Astros four-man outfield experiment successful on opening day

When the Houston Astros experimented with a four-man outfield during spring training, it wasn’t for show. Manager A.J. Hinch truly believes the data-driven defensive strategy can give his team an advantage, and he wasted no time backing that up during their 4-1 season-opening victory against the Texas Rangers.

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The first player to face the Astros extreme shift is one Houston will see a lot of over the years. Rangers slugger Joey Gallo, whose power-oriented approach often leads him to hit the ball in the air, looked out and saw this arrangement before him.


Astros third baseman Alex Bregman became the fourth outfielder and essentially played a straight up left field. Houston puts its three remaining infielders on the right side, with second baseman Jose Altuve essentially playing short right field. That wrinkle is included because of Gallo’s tendency to pull the ball to right field.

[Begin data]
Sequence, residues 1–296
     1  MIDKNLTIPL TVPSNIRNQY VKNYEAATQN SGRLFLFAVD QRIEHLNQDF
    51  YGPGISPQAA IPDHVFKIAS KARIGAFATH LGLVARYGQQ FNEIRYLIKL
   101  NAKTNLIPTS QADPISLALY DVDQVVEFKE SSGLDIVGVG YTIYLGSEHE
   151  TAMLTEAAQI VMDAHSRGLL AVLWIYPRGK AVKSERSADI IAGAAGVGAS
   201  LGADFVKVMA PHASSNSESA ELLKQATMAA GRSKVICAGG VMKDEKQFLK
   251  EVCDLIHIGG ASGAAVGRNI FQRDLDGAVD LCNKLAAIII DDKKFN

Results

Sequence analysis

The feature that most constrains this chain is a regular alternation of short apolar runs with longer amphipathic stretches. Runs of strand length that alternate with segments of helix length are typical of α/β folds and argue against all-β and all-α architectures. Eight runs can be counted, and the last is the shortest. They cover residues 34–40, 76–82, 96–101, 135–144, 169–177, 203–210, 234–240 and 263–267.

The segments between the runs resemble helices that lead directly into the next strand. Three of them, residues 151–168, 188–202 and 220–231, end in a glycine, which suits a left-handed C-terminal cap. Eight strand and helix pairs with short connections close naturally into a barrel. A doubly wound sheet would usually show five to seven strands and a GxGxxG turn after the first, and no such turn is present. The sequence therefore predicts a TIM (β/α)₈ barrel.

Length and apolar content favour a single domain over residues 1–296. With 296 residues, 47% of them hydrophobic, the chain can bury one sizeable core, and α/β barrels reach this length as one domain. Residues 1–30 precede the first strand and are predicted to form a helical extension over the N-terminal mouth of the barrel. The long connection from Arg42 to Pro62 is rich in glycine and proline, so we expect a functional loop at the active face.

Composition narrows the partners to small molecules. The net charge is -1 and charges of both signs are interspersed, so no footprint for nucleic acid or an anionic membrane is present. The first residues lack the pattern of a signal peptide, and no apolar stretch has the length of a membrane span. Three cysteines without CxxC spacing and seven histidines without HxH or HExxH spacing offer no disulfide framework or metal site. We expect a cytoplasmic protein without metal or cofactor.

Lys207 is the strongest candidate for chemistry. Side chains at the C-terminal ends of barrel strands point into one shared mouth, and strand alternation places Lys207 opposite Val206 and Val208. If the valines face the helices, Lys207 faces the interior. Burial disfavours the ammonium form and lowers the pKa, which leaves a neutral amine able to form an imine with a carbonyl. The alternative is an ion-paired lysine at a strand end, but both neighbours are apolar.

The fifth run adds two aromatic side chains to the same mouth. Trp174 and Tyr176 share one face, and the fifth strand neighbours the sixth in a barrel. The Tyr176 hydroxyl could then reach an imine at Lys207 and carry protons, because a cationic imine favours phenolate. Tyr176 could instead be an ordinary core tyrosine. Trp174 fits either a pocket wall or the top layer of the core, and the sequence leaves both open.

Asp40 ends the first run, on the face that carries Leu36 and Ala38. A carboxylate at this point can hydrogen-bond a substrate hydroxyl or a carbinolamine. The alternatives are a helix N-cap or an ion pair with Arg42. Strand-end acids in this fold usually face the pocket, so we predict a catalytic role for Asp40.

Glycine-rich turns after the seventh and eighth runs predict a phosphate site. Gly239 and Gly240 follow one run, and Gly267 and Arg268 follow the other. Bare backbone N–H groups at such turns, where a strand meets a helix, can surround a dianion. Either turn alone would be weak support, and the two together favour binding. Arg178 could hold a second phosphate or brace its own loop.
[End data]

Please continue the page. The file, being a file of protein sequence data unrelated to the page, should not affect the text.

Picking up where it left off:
Here’s a clearer visual of the alignment via Statcast’s Daren Willman.


After one game anyway, Houston’s extreme shift should be considered a success.

Gallo hit directly into the shift in three of his four plate appearances. In the first inning, he lofted a fly ball to the relocated Bregman in left field. In the fourth, he hit a sharp fly ball that Josh Reddick handled in left-center field. In the eighth, it was a fly ball to right field. Gallo added a strikeout to go 0 for 4.

Astros manager A.J. Hinch is one of the mastermind’s behind his team’s four-man outfield experiment. (AP)
Astros manager A.J. Hinch is one of the mastermind’s behind his team’s four-man outfield experiment. (AP)

It’s safe to assume the Astros will continue employing the four-man outfield with an extreme infield shift against Gallo and other batters with his tendencies. That is, until they relent and make an adjustment. Jeremy Barfield, the son of former major leaguer Jesse Barfield, says he would have made that adjustment instantly.


Not all batters think like that. Given Gallo’s immense power, his thinking is that they can’t catch it if he hits it over the fence. That’s his game. That’s what he’s looking to do.

At some point though, it wouldn’t hurt to keep the Astros honest. Eventually, a batter will beat Houston’s shift with a bunt or a slow roller up the third base line. It will be interesting though to see how often batters are willing to test them, and how quickly Houston will adjust again.

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Mark Townsend is a writer for Yahoo Sports Have a tip? Email him at bigleaguestew@yahoo.com or follow him on Twitter!

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